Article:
Next stop...NFL

Tennessee leads the way with the most SEC defensive linemen drafted this decade, but LSU is not far off and will climb even higher this weekend when the 2009 NFL Draft gets underway. Tyson Jackson is the Tigers' top draft prospect and he will likely be the third LSU defensive linemen to get selected in the first round over the last 10 years.

If the recruiting services would have nailed it with Tyson Jackson then the last place he would be come Saturday is sitting in a hotel room off Canal Street in the Big Easy.

 

Jackson was not ranked amongst the country’s top prospects when he came out of West St. John High School in 2004. Some even had him pegged as a future offensive tackle at the next level.

 

The native of South Louisiana flew under the radar of most colleges, but it had nothing to do with his production on the field. Jackson ended his memorable career for the Rams by earning Class 2A Defensive Player of the Year after piling up 84 tackles, 16 sacks and 17 quarterback hurries.

 

Surely that kind of production would attract the interest of college coaches from a guy who started at defensive and offensive tackle, and was listed at 6-foot-6 and 270 pounds.

 

West St. John, however, is located in the small town of Edgard and college recruiters weren’t all too familiar with the area.

 

Jackson, who reported three offers when he signed with LSU, never gave coaches much of a chance to get in on him as he committed to the Tigers in April of his junior year. Still, Colorado and Oklahoma State tried to get in on him, as well as Miami when the Hurricanes came calling after his senior season was completed. But even an official visit to South Beach two weeks before signing day couldn’t sway Jackson from the place he had always dreamed of playing at.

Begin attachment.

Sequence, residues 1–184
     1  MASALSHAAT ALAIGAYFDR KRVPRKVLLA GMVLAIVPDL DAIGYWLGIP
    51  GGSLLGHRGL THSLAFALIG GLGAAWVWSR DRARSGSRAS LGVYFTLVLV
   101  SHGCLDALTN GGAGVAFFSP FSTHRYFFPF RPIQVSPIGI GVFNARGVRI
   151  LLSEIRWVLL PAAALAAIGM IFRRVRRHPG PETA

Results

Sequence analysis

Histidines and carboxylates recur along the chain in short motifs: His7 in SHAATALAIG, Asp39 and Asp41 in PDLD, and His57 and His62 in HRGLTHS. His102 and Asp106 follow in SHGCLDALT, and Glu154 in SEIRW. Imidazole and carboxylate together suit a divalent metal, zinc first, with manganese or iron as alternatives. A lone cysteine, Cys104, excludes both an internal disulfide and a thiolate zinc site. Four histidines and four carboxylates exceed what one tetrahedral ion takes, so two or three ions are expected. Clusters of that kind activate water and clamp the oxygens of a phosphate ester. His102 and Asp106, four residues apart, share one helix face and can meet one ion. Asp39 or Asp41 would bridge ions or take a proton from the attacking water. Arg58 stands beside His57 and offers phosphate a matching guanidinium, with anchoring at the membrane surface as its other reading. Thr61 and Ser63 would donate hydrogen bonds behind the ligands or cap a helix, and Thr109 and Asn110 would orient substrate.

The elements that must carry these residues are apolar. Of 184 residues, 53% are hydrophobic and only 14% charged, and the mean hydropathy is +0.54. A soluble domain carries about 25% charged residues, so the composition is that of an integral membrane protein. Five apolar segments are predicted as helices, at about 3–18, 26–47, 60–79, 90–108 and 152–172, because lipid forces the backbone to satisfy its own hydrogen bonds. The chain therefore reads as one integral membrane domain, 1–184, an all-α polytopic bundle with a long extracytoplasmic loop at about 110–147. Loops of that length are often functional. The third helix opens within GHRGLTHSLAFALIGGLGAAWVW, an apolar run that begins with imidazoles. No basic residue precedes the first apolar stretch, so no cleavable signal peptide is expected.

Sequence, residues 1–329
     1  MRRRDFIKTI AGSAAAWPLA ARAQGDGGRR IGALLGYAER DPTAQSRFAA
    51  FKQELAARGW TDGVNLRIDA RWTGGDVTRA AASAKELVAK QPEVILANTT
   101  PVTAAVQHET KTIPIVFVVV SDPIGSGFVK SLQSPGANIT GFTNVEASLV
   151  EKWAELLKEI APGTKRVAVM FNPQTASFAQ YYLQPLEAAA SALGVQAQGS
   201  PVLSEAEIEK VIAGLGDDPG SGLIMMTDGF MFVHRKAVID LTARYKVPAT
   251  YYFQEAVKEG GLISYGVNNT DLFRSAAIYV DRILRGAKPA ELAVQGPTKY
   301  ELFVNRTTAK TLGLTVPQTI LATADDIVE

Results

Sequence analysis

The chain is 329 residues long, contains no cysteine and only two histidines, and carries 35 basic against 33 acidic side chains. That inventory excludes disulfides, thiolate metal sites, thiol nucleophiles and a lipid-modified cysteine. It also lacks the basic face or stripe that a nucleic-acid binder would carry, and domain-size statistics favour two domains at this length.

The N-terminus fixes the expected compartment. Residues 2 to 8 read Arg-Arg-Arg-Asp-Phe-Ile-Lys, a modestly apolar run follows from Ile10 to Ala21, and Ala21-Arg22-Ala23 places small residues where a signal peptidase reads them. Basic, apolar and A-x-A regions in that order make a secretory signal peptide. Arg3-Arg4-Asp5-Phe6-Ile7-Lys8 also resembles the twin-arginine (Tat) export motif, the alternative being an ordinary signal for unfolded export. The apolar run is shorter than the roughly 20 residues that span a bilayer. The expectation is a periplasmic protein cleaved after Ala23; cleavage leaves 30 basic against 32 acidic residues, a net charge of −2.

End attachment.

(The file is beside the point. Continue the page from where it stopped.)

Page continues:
“There was never really any doubt on where I was going,” Jackson said. “You get recruited by coaches and you listen to them because you’ve never really been anywhere else, but I knew in my mind that I was going to be a Tiger.”

 

Jackson redshirted his true freshman season and played in 13 games the following year. His sophomore season was when he emerged as one of the top defensive ends in the Southeastern Conference after he led the Tigers and finished fifth in the league with 8.5 sacks.

 

His breakout performance in 2006 prompted a wealth of speculation on Jackson’s future as a possible early entry into the 2007 NFL Draft following his junior season. However, even though the Tigers claimed the BCS National Championship and Jackson could have gone out on top he decided to return for his senior season.

 

“It wasn’t time yet,” he said. “I still had things I could improve on and I felt that I needed to get better.”

  

Jackson had some improvement to make in the eyes of NFL scouts and much had to with his drop off in production. After logging 37 tackles with 10 for loss and the 8.5 sacks the year before, Jackson totaled 36 tackles with 4.5 for loss and only 3.5 sacks as a junior. The five fewer sacks was an attention grabber, but only to those who didn’t look deeper into the numbers which revealed that his 15 quarterback hurries were four more than he accumulated the previous two years combined.

 

Jackson returned for his senior season and although he came up short in surpassing the sack total from his sophomore season, he played well in coming up with 36 tackles including 10.5 for loss, 4.5 sacks and seven hurries.

 

Despite never topping the numbers from his the 2006 campaign, NFL personnel were still enamored with Jackson. He was measured at 6-foot-4 and weighed 296 pounds at LSU’s Pro Day, and he ran respectable times in the 40-yard dash with a 5.0 at the combine and a 4.91 at pro day.

 

Jackson didn’t blow the scouts away with his performance at the combine in the other events – vertical jump (28-5), broad jump (8-6), 3-Cone (7.64) and 20-yard shuttle – either, but his stock has still soared the last two months.